Budgeting for an HVAC system installation is a tricky process, because there are a lot of different factors involved. Each situation is ultimately unique, and pricing varies from one project to the next. Generally speaking though, there are four primary factors that will determine how much money you’ll need to install a new HVAC system:
- Type of System - There are various types of HVAC systems that tend to have different cost ranges. A split system is most common, and consists of one system for heating and one for cooling, as well as duct installation throughout a property. A ductless system actually involves a small unit in each room without duct installation. Packaged systems are less common, and combine all of the components of other systems within single units, which work alongside ducts to control heating and cooling. And today, there are hybrid split systems as well, which are designed like split systems but use a mix of electrical and gas power to operate. Altogether, costs of these systems can vary by close to $10,000 (with ductless and hybrid systems being priciest).
- Home Size - Home size isn’t as great a factor in determining HVAC system cost as you might expect. But it does factor in. Simply put, a bigger home needs a bigger system, because a smaller one is going to be overworked, resulting in wear and tear (as well as inadequate performance). A bigger system means more capable units, more duct work with certain types of systems, and more strenuous installation, ultimately making for higher costs.
- SEER - SEER stands for seasonal energy efficiency ratio, and is basically a number given to rate your system’s efficiency. More efficient systems — meaning the ones that use less energy — have higher SEER ratings. Less efficient systems, using more energy, have lower scores. All systems, however, will fall between 13 and 24 on the scale, with anything above 20 being considered excellent from an efficiency standpoint. That said, because they will often last longer and are more desirable, systems with higher SEER ratings will typically cost more.
- Extent of Project - The extent of any HVAC project has to do with size, to some extent. However, the nature of the work you need done also factors into cost. If your system is okay but you need to replace (or want to update) a given unit, you may not have to pay for a whole new system. Naturally, a full system installation or replacement will cost the most.
Clearly, all of the above speaks to a lot of variables. In the simplest of cases, with a smaller space, a more affordable system, and average SEER ratings, a full installation may only cost around $10,000. A high-end system with strong SEER ratings in a larger home — with duct installation or a ductless system — can wind up costing closer to $40,000. And of course, there’s plenty of middle ground.
As you’re factoring in how much you’ll need to pay for an HVAC system though, it’s also important to remember that there are various ways of covering the costs, each of which can lighten the burden in one way or another.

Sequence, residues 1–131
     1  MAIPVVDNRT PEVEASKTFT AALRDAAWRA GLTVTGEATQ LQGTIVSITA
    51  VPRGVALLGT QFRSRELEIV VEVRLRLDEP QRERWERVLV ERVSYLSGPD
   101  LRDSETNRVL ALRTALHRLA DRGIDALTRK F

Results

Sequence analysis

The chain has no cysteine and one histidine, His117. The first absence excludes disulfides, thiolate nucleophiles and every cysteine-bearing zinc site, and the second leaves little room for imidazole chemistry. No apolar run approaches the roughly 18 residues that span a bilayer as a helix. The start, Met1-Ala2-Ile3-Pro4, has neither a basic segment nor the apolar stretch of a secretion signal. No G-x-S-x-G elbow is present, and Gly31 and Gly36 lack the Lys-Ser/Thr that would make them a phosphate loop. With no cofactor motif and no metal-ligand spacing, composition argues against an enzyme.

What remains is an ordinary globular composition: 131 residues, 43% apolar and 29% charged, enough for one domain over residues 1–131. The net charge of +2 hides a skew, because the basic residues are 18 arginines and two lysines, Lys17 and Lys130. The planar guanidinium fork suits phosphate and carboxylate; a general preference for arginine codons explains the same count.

If you want to make the costs less burdensome on your own, a personal loan with no fees is an attractive option, as well as one commonly used for home improvements. With a decent credit score, you can get approved for tens of thousands of dollars with which to pay for your HVAC system and installation up front. That way, you can stretch the cost out over time in manageable loan payments — all without an initial fee, and all at a fixed rate.
If you’re not interested in the loan option and you’re able to communicate well with the company doing the installation, it’s also likely that you’ll be able to work out a financing plan. We can’t guarantee specific numbers or conditions, because different companies handle this sort of thing differently. Generally though, you’ll be able to break up the lump sum into installments. Just be careful with the fine print so that you’re not signing up for a payment schedule you can’t manage, or any burdensome fees or interest.
In a previous discussion on ways to save on air conditioner costs, we covered various aspects of upkeep: investing in high-tech equipment, properly insulating a home, and so on. These are steps that help you to ensure your system performs as needed, and lasts as long as it should. Naturally, upkeep and maintenance won’t actually help with the cost of a new system. But it’s still something to keep in mind for the future. Paying for a quality system now, if you can manage it, and doing what you can to keep the system in good order, will save you from costly repairs or premature replacements down the road.
There’s a lot to consider overall, but hopefully this has helped prepare you for the costs, decisions, and financing options involved with buying a new HVAC system. Best of luck!
Written by Alyson Asia Chew
Exclusive for pioneerminisplit.com